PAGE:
Demand for New Car Fuel Economy in the UK, 1970-2005
During the past thirty years, governments have sought to stimulate improvements in new car fuel economy to contribute to air quality, energy security, and climate change goals. We analysed the demand for new car fuel economy in the UK using a two-stage econometric model to investigate the drivers of this demand in the short and long terms over the period 1970-2004. We found that higher incomes and long-term price changes were the main drivers to achieve improvements in fuel economy, particularly for petrol cars, and that new car fuel economy changes were scarcely affected by the Voluntary Agreement on CO 2 emissions reductions adopted in the 1990s. We found, in agreement with other studies, that the demand for fuel economy was price inelastic for both fuels. Our calculated long-term income elasticity (petrol with −0.31 and diesel fuels with −0.20) values are above the range of international studies for petrol but within the range for diesel. An aggregate model of fuel economy gives a fuel price elasticity of −0.32 and an elasticity of −0.26 with respect to UK disposable income. © 2009 LSE and the University of Bath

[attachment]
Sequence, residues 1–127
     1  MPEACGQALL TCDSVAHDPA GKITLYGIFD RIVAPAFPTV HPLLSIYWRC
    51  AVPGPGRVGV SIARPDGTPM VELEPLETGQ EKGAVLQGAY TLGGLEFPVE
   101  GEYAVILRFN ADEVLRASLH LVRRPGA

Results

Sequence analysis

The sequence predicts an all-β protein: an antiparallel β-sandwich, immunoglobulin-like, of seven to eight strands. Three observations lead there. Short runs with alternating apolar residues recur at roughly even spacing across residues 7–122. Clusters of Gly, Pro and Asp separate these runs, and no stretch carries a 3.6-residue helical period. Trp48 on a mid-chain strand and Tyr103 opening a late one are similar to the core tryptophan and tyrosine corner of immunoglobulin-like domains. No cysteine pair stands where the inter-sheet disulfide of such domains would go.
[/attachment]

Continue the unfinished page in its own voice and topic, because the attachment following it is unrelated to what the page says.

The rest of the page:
When requesting a correction, please mention this item's handle: RePEc:tpe:jtecpo:v:43:y:2009:i:1:p:55-83. See general information about how to correct material in RePEc.
For technical questions regarding this item, or to correct its authors, title, abstract, bibliographic or download information, contact: (Christopher F. Baum)
If references are entirely missing, you can add them using this form.